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Japan Steps On the QE Gas

6 November 2014 in Trading Ideas

Japanese Prime Minister Shinzo Abe and his allies at the Bank of Japan may have just turned the spigot to “11.”

Last week, while the US Federal Reserve was putting an end to its program of bond buying, Japan’s central bank said it would keep theirs – and then some. The BoJ will increase its balance sheet by 15% a year, and will extend the average duration of its bond purchases to 10 years from seven years.1

As Gavyn Davies noted in the Financial Times, the move heralds open-ended bond purchases that are about 70% as large as the peak rate of bond purchases under QE3 in the US.

The BoJ’s announcement coincided with a statement by Japan’s government pension fund that it would reduce its domestic bond holdings from 60% of its portfolio to 35%, while increasing its overall equity holdings to 50% from 24%.

Davies wrote that the result will be to boost the purchase of Japanese equities by a further $90 billion, and the purchase of non-Japanese equities by $110 billion, all effectively financed by sales of $240 billion of bonds to the BoJ, and therefore effectively financed by central bank creation of reserves.

“The Japanese injection, relative to the size of the economy,” Davies wrote, “is far larger than anything attempted by the other major central banks.”

Davies’ FT colleague, John Authers, put it even more bluntly: “The BoJ successfully took the yen out to the woodshed and shot it between the eyes.”2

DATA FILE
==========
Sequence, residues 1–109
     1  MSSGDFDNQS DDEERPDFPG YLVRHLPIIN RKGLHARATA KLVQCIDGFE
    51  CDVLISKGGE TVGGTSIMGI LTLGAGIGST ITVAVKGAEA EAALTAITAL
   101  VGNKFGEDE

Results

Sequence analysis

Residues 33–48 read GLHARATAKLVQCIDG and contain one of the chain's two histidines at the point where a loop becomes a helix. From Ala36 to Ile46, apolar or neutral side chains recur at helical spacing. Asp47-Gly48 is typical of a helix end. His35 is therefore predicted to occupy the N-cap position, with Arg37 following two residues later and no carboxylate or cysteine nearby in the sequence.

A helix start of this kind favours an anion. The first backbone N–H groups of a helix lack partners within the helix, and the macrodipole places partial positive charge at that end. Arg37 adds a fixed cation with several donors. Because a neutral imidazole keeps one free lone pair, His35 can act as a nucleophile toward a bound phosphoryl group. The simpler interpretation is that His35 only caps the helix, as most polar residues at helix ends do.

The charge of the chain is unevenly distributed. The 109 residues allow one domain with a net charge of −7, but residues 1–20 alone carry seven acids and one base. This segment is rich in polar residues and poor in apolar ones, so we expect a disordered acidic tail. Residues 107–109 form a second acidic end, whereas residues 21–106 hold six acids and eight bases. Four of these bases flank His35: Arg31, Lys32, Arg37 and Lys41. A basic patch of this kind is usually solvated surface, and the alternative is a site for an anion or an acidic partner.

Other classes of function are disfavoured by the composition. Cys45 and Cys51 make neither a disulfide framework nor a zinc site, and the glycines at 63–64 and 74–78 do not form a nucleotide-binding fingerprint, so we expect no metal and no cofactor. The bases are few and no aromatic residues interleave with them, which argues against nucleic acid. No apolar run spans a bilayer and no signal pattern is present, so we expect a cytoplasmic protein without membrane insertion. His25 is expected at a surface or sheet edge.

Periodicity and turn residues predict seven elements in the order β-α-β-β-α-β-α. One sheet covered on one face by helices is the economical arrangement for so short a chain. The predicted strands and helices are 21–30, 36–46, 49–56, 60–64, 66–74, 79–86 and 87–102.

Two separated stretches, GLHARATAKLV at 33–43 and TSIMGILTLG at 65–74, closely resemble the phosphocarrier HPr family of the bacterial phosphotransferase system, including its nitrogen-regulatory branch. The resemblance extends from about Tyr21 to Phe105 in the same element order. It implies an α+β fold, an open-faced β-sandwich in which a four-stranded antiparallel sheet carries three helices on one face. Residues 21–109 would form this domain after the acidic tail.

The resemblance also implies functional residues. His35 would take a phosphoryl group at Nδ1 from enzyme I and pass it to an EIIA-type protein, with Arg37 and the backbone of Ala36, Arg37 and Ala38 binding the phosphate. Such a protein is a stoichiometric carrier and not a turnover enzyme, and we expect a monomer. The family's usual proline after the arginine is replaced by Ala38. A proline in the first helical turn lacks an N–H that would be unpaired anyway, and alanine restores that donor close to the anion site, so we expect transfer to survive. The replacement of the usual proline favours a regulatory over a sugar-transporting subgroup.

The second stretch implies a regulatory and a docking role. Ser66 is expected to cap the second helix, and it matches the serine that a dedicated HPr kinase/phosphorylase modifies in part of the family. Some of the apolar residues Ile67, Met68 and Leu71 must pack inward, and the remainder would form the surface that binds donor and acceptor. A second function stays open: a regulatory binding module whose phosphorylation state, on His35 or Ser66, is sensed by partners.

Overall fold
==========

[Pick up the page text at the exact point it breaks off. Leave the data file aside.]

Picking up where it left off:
Lest we forget, Japan’s strategy is to force down bond yields with higher bond purchases. This, theoretically, would weaken the yen, because foreigners earn less putting their money into Japanese bonds. The weaker currency helps exporters, who are crucial to Japan’s economy.

As for the yen, Japan’s QE program has clearly made its mark. Authers pointed out that the yen is now the weakest against the dollar since 2008; it has fallen 32% since 2011.

A weaker yen also has directly translated to a stronger Japanese stock market. In the past 12 months, the Nikkei Index has gained more than 15%.

The QE Japan motif, a portfolio of stocks poised to benefit from central bank intervention in that country, has gained 0.6% in 2014. During that same time, the S&P 500 is up 11.3%.

In the past month, the motif has increased 4.6%; the S&P 500 has risen 3.1%.

Davies declared that the BoJ has clearly “doubled down” on the QE bet made jointly with Prime Minister Abe. “Faced with a slowing economy after the sales tax increase in April, and falling oil price inflation, the choice was either to abandon Abenomics, with no very obvious alternative to put in its place, or to prescribe a much larger dose of the same medicine,” he noted.

The risk, of course, is that even this move may not be sufficient. As Davies put it, noting that the yen is already 32% lower while real bond yields are well into negative territory, “If this does not work in stimulating nominal demand, then nothing the central bank can do on its own will work.”

That could mean that investors will be forced to consider whether an even-weaker yen justifies expectations for a significant upside in Japanese stocks.

1Gavyn Davies, “Bank of Japan opens the floodgates,” ft.com, Nov. 2, 2014.

2John Authers, “Bank of Japan shows central banks can still wield firepower,” ft.com, Oct. 31, 2014.

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